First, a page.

Home Social group Hartford Community Prayer Service seeks safety for city’s youth over summer – Hartford Courant

Hartford Community Prayer Service seeks safety for city’s youth over summer – Hartford Courant

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Hartford – A longtime violence prevention activist, Brother Carl Hardrick recalled a young man he was called to see at Saint Francis Hospital. He went upstairs and saw the poor state the young man was in.

After seeing him, Hardwick sensed how serious his condition was and even told the doctor that he didn’t think the young man would survive.

The young man died as a result of community violence.

The story Hardrick shared is one of many that inspired him and Hartford Communities That Care Executive Director Andrew Woods to participate in the Beta Chapter’s ‘Prayer with Purpose’ community event. Hartford’s Sigma Lambda of Alpha Phi Alpha Fraternity Inc., as the two are in the trenches helping victims of communal violence.

Outside the Woodland entrance to Keney Park in Hartford, fraternity, sorority, community leaders and members gathered to pray for a safe summer for the city’s youth. As a black man and chairman of the Beta Sigma Lambda fraternity social action committee, Charon Smalls said he felt compelled to bring this event to the heart of Hartford.

“So over the last month we just (wanted to do something) that impacted on a spiritual level, (because) a lot of us are believers. We’re people of faith. We think that ‘it’s about not only having that intervention from God, but also motivating ourselves (to action),” Smalls said. is not just about speaking these words, but also about living them.”

The fellowship works throughout the year to ensure they live their faith out loud by having educational and youth programs designed to ensure local children get into college. Some of the activities included an annual fishing trip for Hartford County children, an online youth tutoring program during the COVID-19 pandemic, and other experiences around scholarships and education. This year, they helped four local high school students go to college.

Fellowship member Reverend Sylvester Turner Jr. was the one who helped bring Small’s vision for the prayer event to life. He noted the importance of hosting the prayer event.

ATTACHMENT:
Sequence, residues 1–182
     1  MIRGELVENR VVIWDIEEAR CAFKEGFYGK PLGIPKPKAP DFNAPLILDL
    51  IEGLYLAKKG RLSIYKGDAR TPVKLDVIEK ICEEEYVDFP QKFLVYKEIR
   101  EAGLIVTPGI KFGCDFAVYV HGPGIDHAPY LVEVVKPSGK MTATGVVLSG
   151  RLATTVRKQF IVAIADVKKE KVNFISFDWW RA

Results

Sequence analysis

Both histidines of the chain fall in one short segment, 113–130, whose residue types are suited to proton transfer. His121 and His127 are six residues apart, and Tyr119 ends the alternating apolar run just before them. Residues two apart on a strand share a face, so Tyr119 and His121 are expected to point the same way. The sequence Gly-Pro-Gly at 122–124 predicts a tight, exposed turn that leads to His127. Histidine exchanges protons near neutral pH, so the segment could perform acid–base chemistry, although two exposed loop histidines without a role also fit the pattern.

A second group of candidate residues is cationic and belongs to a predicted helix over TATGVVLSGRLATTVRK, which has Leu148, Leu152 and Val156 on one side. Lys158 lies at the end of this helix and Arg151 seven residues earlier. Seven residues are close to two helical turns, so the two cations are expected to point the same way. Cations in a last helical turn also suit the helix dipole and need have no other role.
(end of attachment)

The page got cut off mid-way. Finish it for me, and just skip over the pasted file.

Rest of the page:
“When Charon asked me to set up something for the community, regarding prayer for the summer, I thought it would be a task of sharing responsibilities,” he said. “After while it started, you know, God put on my heart how to do it. I just felt it was necessary for community leaders, faith communities, DN9 organizations, families and community members to come together. The Bible speaks of two or three being gathered together, God is there. So if he is there, we believe him (and) we pray.

Turner also noted the community’s responsibility to pray for children during the summer.

“It’s really…just making sure that we’ve done our part, as members of the community, to pray for our children. If no one prays for them, then who will? We have a duty and a responsibility to do that, and that’s what it’s really about,” he said. “Whether it’s five people here or (one) group of people, we just want to let our young people and our families know that, no matter how things look, we, the members of the community, are here to support them, pray and move them forward in their purpose and what God has called them to do.

A highlight of the event was Pastor AJ Johnson of Urban Hope Refuge Church in Hartford, who instructed the men in the crowd to pledge to mentor a young man aged 18 to 24 and the parents to love their children harder.

“There are young people right here at Martin Luther King School, who (have) never been anywhere but GA 14 (court) on Lafayette Street, who have never had the opportunity to extend their borders beyond those 18 square miles,” Johnson said.

“So I want to challenge all of you to engage this 18-24 age group. … I want to instruct parents to love harder. You’re probably saying… don’t tell me how to love my son or my daughter, or my child or my children. Don’t tell me how to do that, because I do a fantastic job, and indeed you are.

“You do an amazing job, but what you also need to understand is that when your kids leave you, they’re out of your space for six to eight hours a day being taught by other people. …I want us to love our kids, beyond those times when they come home and don’t look like we raised them to be…so they don’t have to find love (in) another place, but the home you made for them.